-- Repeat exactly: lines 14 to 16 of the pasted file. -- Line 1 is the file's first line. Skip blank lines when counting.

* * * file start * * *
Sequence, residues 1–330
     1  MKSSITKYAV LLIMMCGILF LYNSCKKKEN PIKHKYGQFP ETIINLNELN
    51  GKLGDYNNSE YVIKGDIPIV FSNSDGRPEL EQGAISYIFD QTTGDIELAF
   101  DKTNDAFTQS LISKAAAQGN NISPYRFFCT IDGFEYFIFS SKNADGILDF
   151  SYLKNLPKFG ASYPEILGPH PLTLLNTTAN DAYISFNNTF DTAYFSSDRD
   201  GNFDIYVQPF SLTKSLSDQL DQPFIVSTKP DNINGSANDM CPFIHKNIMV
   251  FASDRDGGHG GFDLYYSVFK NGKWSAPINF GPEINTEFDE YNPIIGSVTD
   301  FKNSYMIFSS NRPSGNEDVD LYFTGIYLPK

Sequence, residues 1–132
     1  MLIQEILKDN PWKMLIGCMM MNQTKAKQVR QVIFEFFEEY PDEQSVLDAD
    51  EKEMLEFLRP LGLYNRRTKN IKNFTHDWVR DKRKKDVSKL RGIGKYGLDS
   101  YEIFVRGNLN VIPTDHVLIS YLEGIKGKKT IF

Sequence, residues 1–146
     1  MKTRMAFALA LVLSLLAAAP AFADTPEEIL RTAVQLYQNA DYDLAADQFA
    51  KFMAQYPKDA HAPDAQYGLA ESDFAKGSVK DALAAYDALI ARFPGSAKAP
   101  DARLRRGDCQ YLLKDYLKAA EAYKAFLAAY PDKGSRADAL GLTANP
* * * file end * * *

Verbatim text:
     1  MKTRMAFALA LVLSLLAAAP AFADTPEEIL RTAVQLYQNA DYDLAADQFA
    51  KFMAQYPKDA HAPDAQYGLA ESDFAKGSVK DALAAYDALI ARFPGSAKAP
   101  DARLRRGDCQ YLLKDYLKAA EAYKAFLAAY PDKGSRADAL GLTANP